PROPERTY CRIMES UP IN TEMPLE CITY
Holiday season, Proposition 47 may be to blame
By Shel Segal, Communications Specialist
Communications & Special Projects Office, (626) 656-7317
Dec. 5, 2016 -- While property crimes in Temple City have been on the rise, sheriff’s officials want residents to know they are doing their best to combat the current trend.
Speaking last week at the city's monthly law enforcement meeting, Sgt. Ron Miranda of the Los Angeles County Sheriff’s Department, Temple Station, said there are a mixture of factors contributing to an increase in residential, commercial, and other types of theft.
Illustrating Miranda’s point is that there have already been 164 residential burglaries in 2016 through October and that number is up over the 127 burglaries committed all of 2015, according to statistics compiled by the Temple City Public Safety Division.
In addition, when comparing October 2016 to the same month of the previous year, the number of all reported burglaries and thefts has increased nearly 49 percent, from 39 to 58, according to those same statistics.
One of those factors is just the fact that it is the holiday season and that tends to bring out the worst in some, Miranda said. He added that fellow deputies are very involved in the community, and works with residents to find out who exactly is committing those crimes.
“We’re trying to identify people who don’t belong here, people who are up to no good,” he said. “The goal is we want to stop crime. We’re trying to be proactive. We are gathering information. We share with other agencies.”
Miranda also said the deputies stay engaged locally in fighting crime, adding it can often bring some fruitful results.
“Once we identify someone on our probation or parole watches who might be walking that fine line, they will be checked a little more regularly,” he said. “We’ve caught some pretty bad people because they just fall back into that lifestyle.”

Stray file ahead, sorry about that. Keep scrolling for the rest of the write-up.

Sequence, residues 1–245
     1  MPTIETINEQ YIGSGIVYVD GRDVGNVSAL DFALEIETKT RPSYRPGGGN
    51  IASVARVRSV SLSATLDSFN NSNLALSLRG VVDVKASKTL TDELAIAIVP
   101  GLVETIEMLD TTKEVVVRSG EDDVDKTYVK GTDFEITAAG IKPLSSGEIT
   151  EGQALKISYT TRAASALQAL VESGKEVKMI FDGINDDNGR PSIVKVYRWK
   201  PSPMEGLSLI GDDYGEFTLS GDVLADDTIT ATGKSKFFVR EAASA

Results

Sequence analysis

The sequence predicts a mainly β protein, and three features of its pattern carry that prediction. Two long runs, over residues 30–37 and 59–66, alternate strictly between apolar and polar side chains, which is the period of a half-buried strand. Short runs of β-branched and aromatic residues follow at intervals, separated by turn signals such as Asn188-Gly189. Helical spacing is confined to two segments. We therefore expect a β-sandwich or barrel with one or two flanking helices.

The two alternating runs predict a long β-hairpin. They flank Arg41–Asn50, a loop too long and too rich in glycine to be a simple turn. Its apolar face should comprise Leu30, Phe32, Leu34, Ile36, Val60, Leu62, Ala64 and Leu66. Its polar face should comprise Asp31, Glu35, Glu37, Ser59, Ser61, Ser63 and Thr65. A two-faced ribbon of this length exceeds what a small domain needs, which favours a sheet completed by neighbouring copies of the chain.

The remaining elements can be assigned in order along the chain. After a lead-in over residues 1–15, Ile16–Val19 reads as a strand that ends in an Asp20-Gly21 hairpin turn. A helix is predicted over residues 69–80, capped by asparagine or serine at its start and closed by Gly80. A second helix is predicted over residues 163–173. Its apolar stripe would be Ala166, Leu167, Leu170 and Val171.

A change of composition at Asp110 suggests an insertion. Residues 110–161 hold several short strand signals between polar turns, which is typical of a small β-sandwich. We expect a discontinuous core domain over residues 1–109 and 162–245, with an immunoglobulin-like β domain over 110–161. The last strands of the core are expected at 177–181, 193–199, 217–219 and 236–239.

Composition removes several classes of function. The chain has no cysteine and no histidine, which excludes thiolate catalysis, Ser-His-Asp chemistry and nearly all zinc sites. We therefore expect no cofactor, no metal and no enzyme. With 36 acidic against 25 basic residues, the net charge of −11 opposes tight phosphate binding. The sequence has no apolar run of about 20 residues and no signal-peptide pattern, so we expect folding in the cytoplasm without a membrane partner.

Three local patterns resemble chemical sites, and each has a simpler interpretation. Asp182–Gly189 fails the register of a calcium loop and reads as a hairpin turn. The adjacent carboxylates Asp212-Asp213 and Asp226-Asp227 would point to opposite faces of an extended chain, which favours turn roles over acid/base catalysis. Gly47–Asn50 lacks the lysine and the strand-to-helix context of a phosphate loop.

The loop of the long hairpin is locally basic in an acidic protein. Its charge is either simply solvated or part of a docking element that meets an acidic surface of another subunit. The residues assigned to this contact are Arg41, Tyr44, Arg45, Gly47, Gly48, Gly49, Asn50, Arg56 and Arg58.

Miranda added the sheriff’s department has increased saturation patrols for the next few months, which are above and beyond normal service levels. An additional 500 hours of manpower have been added to the streets, equaling about 20 more hours per week from patrols comprised of two to three deputies.
Capt. Coronne Jacob, who oversees Temple Station, said another reason for the rise in property crimes might be the passage of Proposition 47 back in November 2014. Proposition 47 took many crimes that were felonies and reclassified them as misdemeanors.
“We think there’s a corollary with Proposition 47,” Jacob said. “The sheriff’s department is currently looking into the stats. And those are property crimes, mostly related to residential burglaries, commercial burglaries, and theft, in general.”
As for now, Jacob is speculating Proposition 47 is having a negative effect on the crime rate as criminals are in and out of jail much more rapidly than before the initiative’s passage.
“Those crimes, instead of someone being arrested and spending three days in jail before seeing a magistrate and being sentenced, those people are getting a citation,” she said. “They are brought to jail. Once they get a warrant, they are cleared to go to court later. That allows them to continue their lifestyle before they go to court and if they go to court.”
And while Proposition 47 is on the mind of the department, Jacob said you can’t just rule out that’s it’s all because of the holiday season.
“We do believe it goes up during the holidays,” she said. “That’s just based on experience. A lot of people have packages delivered. They’re not home and the packages get stolen off their front porch. They shop and leave packages in their cars.”
And crimes committed in Temple City are really not that much different from those committed in neighboring cities, she added.
“Crime that’s in Temple City is the same as the crime that is throughout the San Gabriel Valley,” Jacob said. “We are basically a target-rich environment here in Temple City. People who don’t want to work for a living, they prey on those who do. Crime does not pay. It catches up with you.”
And one more worry for law enforcement in Temple City is the passage of Proposition 57 back on Nov. 8. That initiative will release many inmates from jail early.
How will that affect local crime? Jacob said she isn’t sure yet.
“The effects of that remain to be seen,” she said. “Any time we’re letting criminals who are in custody out of custody, it would certainly add to crime.”
City council member Nanette Fish said while all crime cannot be stopped, there is one technique she has personally tried to keep thieves off of her street.
“One of the things we’ve done in my neighborhood is we’ve tried to get to know each other and each other’s schedules,” she said. “It’s helped me a great deal. Enough of us in Temple City don’t know our neighbors anymore. You really have to make a point of getting to know your neighbors. So, if you see something, you can call (your neighbor).”